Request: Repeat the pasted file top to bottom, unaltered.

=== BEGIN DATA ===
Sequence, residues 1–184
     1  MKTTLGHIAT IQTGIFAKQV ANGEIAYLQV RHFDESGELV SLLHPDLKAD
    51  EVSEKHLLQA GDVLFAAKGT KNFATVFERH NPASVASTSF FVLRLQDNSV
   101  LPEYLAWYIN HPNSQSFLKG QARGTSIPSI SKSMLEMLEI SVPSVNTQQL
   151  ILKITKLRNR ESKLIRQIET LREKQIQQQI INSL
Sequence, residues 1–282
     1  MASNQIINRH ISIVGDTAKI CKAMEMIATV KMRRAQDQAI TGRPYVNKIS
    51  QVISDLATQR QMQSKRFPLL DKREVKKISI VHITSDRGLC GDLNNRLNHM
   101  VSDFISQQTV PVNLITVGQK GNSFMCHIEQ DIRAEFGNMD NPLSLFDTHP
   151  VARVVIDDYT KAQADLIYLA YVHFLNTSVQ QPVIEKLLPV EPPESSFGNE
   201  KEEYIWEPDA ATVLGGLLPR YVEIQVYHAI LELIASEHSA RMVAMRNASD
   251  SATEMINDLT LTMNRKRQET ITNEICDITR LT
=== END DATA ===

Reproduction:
Sequence, residues 1–184
     1  MKTTLGHIAT IQTGIFAKQV ANGEIAYLQV RHFDESGELV SLLHPDLKAD
    51  EVSEKHLLQA GDVLFAAKGT KNFATVFERH NPASVASTSF FVLRLQDNSV
   101  LPEYLAWYIN HPNSQSFLKG QARGTSIPSI SKSMLEMLEI SVPSVNTQQL
   151  ILKITKLRNR ESKLIRQIET LREKQIQQQI INSL
Sequence, residues 1–282
     1  MASNQIINRH ISIVGDTAKI CKAMEMIATV KMRRAQDQAI TGRPYVNKIS
    51  QVISDLATQR QMQSKRFPLL DKREVKKISI VHITSDRGLC GDLNNRLNHM
   101  VSDFISQQTV PVNLITVGQK GNSFMCHIEQ DIRAEFGNMD NPLSLFDTHP
   151  VARVVIDDYT KAQADLIYLA YVHFLNTSVQ QPVIEKLLPV EPPESSFGNE
   201  KEEYIWEPDA ATVLGGLLPR YVEIQVYHAI LELIASEHSA RMVAMRNASD
   251  SATEMINDLT LTMNRKRQET ITNEICDITR LT